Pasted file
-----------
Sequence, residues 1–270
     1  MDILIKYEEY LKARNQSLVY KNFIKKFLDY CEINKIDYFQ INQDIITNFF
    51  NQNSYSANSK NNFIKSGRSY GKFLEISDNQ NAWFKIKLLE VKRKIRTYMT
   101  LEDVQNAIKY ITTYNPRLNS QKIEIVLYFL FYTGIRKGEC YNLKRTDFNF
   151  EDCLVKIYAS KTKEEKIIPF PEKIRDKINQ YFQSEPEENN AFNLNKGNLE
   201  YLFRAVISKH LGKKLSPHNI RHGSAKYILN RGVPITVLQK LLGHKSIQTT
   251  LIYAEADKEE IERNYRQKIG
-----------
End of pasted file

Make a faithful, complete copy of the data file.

Sequence, residues 1–270
     1  MDILIKYEEY LKARNQSLVY KNFIKKFLDY CEINKIDYFQ INQDIITNFF
    51  NQNSYSANSK NNFIKSGRSY GKFLEISDNQ NAWFKIKLLE VKRKIRTYMT
   101  LEDVQNAIKY ITTYNPRLNS QKIEIVLYFL FYTGIRKGEC YNLKRTDFNF
   151  EDCLVKIYAS KTKEEKIIPF PEKIRDKINQ YFQSEPEENN AFNLNKGNLE
   201  YLFRAVISKH LGKKLSPHNI RHGSAKYILN RGVPITVLQK LLGHKSIQTT
   251  LIYAEADKEE IERNYRQKIG